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GUEST BLOG: "Why Contemporary A Cappella Matters" by J.D. Frizzell

WHY CONTEMPORARY A CAPPELLA MATTERS by J.D. Frizzell
 
"Contemporary A Cappella."  When you hear that phrase, what pops into your mind?  Glee?  The Sing-Off?  Vocal Percussion?  The King Singers? 
 
Regardless of your current feelings towards contemporary a cappella, I’m here to suggest to you that it is here to stay, and that is a very good thing.
 
Six years ago, I started an a cappella group once a week after school. Our program had never done any popular music in the past. The injection of some “musical dessert” into the program was incredibly efficacious.  Not only did our concert attendance drastically increase, so did our participation.  The choral program has more than doubled in size in six years. 
 
It should come as no surprise to any of us that letting kids sing popular music would be, well…popular!  However, what you need to know is just how effective it is at building musicianship, too.  Many of the arrangements that my 12-member group OneVoice does contain eight to ten individual parts.   You do the math — this means each student is responsible for an incredible amount of independent singing . . . for three to five minutes at a time . . . a cappella . . . with intricate levels of articulation, dynamic, and style.
 
Listen to a brief a sample of what we do.
 
Now that they can do this, they bring a much stronger skill set into our traditional chamber choir (which they all have to be in concurrently, by the way).  Mozart, Handel, Brahms, and Palestrina are all met with enthusiasm and zeal.
 
I am the president of a new nonprofit, the A Cappella Education Association.  The AEA is committed to the creation, proliferation, and development of a cappella groups, programs, and curricula across America through pedagogical guidance, musical resources, networking opportunities, and collaborative support.  If you would like to support our cause or if we can be of assistance to you and your program, please contact us at www.acappellaeducators.com
 
(Today's "Stick Time" column exlpores this choral form as a way for the conductor to both continue their professional artistic growth and to broaden their musical awareness.)
on October 15, 2013 7:09am
I could not be more pleased to read the writings of those who are performing a cappella choral music from all eras.  I am pleased that J.D. Frizzell has the time and energy to devote to establishing an a cappella association.  I am positive many are joining me in a Bravo, J.D.!  When I was still in a full-time teaching post, it was not often that we heard choirs performing a cappella outside of the renaissance with the exception of a few works.  I recall the fallout of my high school choir performing Barry Manilow's One Voice in sixteen-part harmony, in total darkness (it started with a solo of course), stretched up the four slanted aisles of the 1,000 seat auditorium in single file, a cappella.  The students had worked so very hard on the concert, but this popular tune (at the time), arranged artistically for chorus a cappella, was the one work that caused the whole school to talk, caused the principal to listen to the choral boosters and create a full-time chorus teacher position, and brought more students into the program.  No matter what the era, a cappella singing is always the style that children gravitate towards.  When my middle school choir performed Barber's Agnus Dei in SATB a cappella, the choir members were performing it in small groups in the hallways and in their various classrooms.... a cappella for nine-and-a-half minutes.  One English teacher, without the children knowing what she was doing, called me on the phone and let me listen to a group performing the Barber.  The next year, the chorus gained a substantial number of male students.  My Il Bel Canto and Il Bel Canto Scelti choirs performed only a cappella works.  My larger Die Meistersingers started every concert with an a cappella work.  This was always the highlight for the children.  If you have never had your choir perform a cappella, I suggest you do so.  It is not only excellent for the musical growth of your students, but it is also an excellent way to lift your inward being.  Enjoy!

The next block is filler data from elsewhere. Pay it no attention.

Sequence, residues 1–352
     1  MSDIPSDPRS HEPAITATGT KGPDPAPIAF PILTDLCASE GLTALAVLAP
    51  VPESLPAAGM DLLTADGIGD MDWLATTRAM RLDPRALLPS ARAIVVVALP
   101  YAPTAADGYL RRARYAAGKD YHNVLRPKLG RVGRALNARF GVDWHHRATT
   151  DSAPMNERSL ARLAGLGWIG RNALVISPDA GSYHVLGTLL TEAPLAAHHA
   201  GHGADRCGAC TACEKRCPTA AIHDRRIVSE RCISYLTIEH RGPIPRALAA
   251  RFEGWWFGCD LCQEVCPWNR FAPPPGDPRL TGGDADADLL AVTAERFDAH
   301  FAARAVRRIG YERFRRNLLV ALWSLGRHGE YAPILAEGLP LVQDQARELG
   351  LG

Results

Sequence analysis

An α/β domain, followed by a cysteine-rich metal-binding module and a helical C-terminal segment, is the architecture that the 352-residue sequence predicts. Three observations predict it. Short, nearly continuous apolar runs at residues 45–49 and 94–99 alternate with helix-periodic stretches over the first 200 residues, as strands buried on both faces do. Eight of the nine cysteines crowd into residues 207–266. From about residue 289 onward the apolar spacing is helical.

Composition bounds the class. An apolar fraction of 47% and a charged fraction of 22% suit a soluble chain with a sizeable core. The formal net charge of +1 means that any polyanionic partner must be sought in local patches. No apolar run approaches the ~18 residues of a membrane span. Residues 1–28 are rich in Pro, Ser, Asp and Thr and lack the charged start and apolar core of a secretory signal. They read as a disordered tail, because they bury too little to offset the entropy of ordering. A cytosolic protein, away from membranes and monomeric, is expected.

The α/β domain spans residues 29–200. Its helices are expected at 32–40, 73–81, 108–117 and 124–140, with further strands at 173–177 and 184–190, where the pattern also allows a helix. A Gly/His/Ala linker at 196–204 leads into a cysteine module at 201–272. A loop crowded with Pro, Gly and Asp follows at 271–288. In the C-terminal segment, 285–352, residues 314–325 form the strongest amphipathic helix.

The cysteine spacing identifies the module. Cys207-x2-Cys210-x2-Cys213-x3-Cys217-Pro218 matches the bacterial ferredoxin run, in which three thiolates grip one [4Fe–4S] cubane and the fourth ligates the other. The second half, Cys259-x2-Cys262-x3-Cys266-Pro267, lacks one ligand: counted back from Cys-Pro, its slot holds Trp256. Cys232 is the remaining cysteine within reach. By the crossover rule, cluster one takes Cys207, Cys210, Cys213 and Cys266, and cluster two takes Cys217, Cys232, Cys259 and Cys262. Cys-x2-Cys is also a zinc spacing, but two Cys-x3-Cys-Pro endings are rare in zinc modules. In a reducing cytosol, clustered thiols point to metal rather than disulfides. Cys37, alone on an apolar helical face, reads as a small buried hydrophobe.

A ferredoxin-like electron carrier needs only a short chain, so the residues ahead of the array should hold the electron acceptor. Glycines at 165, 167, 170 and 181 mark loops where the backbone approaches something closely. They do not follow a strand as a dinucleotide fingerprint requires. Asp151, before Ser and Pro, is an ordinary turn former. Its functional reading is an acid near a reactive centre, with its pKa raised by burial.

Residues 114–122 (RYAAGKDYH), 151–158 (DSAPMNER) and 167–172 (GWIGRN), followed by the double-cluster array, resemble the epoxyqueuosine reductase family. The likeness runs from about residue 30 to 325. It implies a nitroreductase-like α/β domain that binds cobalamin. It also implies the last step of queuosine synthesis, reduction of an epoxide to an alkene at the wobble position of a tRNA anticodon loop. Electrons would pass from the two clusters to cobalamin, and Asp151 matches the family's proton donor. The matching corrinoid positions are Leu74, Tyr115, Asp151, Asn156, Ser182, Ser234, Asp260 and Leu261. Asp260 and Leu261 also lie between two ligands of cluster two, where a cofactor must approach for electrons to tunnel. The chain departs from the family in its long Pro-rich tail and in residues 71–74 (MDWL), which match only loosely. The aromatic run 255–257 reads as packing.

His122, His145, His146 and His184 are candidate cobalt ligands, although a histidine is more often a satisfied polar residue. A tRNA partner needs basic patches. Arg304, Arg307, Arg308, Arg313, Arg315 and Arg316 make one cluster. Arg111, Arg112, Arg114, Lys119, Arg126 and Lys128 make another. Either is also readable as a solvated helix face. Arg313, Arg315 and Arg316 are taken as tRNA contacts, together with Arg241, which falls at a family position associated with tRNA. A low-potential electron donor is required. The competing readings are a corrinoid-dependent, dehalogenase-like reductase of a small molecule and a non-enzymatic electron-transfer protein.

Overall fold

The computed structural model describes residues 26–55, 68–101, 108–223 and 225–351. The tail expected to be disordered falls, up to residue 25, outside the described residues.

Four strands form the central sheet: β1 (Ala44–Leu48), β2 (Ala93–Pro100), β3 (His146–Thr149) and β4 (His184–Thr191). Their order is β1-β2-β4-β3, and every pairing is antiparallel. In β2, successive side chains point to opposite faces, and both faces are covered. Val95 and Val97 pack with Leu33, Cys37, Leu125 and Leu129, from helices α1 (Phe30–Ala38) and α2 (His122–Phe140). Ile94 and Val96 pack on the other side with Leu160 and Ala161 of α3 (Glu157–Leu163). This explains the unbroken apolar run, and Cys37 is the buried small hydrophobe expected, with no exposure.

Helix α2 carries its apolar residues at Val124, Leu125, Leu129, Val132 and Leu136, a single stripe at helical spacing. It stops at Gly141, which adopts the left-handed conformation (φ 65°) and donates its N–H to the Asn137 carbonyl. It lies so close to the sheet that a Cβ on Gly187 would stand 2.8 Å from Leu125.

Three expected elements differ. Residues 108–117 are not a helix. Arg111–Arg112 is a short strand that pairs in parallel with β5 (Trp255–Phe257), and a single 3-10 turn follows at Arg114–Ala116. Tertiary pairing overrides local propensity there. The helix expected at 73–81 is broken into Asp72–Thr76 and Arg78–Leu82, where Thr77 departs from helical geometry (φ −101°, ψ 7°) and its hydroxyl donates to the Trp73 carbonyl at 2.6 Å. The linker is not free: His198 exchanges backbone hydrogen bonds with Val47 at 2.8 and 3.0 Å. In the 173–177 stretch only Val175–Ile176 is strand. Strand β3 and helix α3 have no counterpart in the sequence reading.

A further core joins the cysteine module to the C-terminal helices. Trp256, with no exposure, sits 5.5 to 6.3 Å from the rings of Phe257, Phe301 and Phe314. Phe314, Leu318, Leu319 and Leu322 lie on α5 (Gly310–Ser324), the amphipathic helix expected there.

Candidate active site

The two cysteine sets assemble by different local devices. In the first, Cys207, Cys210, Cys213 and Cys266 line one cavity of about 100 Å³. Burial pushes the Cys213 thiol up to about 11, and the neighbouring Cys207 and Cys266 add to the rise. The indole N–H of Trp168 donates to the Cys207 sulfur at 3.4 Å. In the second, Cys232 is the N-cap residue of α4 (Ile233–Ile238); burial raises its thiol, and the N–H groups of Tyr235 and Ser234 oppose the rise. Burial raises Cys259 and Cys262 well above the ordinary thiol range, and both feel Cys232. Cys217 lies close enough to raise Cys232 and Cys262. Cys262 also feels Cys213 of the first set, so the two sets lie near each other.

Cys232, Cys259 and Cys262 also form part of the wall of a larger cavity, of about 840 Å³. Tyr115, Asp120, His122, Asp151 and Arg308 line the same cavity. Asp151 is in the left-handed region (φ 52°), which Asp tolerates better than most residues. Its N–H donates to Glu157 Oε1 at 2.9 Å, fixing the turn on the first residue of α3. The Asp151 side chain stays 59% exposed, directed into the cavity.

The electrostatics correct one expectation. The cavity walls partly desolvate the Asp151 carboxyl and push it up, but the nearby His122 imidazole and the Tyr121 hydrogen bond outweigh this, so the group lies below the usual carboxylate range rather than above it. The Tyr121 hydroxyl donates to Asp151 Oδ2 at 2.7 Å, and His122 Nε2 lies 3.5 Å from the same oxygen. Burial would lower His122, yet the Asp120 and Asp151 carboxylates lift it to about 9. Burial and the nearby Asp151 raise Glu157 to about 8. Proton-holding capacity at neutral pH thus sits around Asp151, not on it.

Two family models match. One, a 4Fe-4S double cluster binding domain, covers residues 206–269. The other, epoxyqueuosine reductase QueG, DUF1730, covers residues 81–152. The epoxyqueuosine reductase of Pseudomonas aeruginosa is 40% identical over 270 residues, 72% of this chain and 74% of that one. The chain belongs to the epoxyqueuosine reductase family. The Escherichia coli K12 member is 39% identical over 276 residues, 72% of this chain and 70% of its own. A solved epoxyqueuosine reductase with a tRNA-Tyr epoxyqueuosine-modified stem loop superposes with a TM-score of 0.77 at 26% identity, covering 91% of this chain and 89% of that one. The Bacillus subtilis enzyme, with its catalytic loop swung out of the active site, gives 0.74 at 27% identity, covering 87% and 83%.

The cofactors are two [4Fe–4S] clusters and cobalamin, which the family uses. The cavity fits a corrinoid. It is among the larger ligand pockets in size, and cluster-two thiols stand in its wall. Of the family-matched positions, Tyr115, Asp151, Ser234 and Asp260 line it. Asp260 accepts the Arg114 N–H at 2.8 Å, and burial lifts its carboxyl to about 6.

Applauded by an audience of 2
on October 15, 2013 2:12pm
Yes!  Remember your audience!  People need something to grab on to.  If we want our singers and audiences to appreciate classical choral music we need to give them some of what they already know as a touchstone to great repertoire.  Music from popular culture (including video games) is a great vehicle to higher learning.
 
Jack Senzig
Children's Choir of teh Internet
Artistic Director
Applauded by an audience of 1